|I am a cytotechnologist, which means I spend my days staring into a microscope at cell samples. The primary focus of my work is Pap smears, which are samples taken from the os (or opening) of the uterine cervix. My job is to scan thousands of cells looking for ones that show evidence of cancer or pre-cancerous changes. A Pap smear may have 300,000 cells on it, many of which are piled on top of each other, along with blood, inflammation and other obscuring factors. Sometimes I may find as few as three or four abnormal cells out of all those cells, and that's what it's all about. Finding the needle in a haystack.
The rewards of finding those few cells are great, because I know that woman can be treated, and possibly avoid much more serious problems down the road. Since the advent of the Pap smear in the mid-1900's, the rate of death from cervical cancer in the United States has declined 70%. It feels good to know that I can have a part in saving many women's lives.
There is developing technology to enhance the field of cytology, such as automated screening devices and alternate methods of making slides. These are designed to either enhance the collection process in order to provide better cell samples, or to replace or enhance human screening. So far, nothing has completely taken the place of a cytotechnologist. Computers can determine that a smear may contain abnormal cells, but they cannot determine the nature of the abnormality. (Click here for information about one such automated screening system.) Human judgment, that of cytotechs and doctors called pathologists, is required to make the final call.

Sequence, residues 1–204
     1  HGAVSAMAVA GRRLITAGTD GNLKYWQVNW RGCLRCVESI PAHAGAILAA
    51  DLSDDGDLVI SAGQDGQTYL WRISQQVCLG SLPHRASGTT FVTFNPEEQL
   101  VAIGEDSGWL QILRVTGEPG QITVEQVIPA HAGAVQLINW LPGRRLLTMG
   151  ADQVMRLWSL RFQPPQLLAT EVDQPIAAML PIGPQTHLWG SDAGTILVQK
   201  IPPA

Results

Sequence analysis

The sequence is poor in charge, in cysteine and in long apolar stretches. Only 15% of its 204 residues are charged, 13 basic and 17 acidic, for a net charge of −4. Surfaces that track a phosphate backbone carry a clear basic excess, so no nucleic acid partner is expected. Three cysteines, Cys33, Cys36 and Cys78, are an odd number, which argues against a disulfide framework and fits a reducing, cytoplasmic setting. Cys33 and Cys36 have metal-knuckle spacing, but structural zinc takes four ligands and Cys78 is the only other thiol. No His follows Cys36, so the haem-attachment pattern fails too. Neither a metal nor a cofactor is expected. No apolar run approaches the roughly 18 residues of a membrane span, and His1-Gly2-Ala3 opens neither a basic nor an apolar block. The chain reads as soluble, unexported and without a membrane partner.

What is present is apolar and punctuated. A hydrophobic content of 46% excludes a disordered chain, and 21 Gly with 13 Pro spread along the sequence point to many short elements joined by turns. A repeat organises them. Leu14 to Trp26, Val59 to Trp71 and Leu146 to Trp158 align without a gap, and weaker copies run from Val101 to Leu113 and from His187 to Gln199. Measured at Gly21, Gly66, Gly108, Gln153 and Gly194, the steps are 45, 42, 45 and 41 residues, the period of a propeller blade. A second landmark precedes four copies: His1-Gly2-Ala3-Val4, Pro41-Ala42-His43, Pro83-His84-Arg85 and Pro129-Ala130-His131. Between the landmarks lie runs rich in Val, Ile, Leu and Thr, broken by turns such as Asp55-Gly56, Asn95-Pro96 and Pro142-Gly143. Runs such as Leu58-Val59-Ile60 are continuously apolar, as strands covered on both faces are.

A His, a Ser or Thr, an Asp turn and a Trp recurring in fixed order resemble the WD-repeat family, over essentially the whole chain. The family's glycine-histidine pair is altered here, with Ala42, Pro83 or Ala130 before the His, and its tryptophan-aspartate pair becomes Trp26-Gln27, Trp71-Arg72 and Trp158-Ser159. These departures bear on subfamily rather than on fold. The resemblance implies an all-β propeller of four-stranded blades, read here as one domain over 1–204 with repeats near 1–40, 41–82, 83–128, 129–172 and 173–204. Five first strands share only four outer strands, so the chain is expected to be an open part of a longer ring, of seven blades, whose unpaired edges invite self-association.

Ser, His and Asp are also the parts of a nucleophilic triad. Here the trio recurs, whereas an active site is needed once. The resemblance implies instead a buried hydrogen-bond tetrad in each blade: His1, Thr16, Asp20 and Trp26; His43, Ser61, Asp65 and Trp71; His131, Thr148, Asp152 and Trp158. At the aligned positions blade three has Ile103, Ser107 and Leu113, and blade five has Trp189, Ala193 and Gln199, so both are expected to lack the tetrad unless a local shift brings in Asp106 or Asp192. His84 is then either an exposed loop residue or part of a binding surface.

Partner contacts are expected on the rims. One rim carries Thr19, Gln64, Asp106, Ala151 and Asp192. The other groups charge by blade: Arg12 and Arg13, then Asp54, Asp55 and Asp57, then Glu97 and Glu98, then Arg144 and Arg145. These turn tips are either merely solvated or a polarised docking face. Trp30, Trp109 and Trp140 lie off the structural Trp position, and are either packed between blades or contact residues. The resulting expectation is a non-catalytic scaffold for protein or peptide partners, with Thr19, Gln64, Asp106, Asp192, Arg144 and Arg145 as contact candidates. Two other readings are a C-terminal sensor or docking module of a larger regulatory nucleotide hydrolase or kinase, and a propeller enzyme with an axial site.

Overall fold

Sometimes, for all our technology and experience, the needle escapes us, and the stress associated with knowing that is great. There are lots of reasons I may miss abnormal cells, not the least of which is that I am human and making mistakes comes with the territory. That's not an excuse, just a fact. Fortunately, cervical dysplasia (the abnormality that can develop into cervical cancer) progresses very slowly. If a woman has regular Pap smears and an abnormality is not detected on one, hopefully it will be picked up on her next exam. That's why it is so critical to have regular exams. Click here to receive Pap smear reminders.
In addition to Pap smears, cytotechs also screen cell samples from many human body sites, including breast, lung, thyroid, bladder, and most other internal organs. Cytology is generally the least-invasive way of obtaining cells from these sites, and can save patients from undergoing more drastic procedures, like surgery.
Because of the responsibility we bear, being a cytotech is a very stressful job. Cancer is very serious business, and we feel the weight of it every day. On the next page, I'll show you some of the ways my colleagues and I deal with that stress and keep our spirits high. .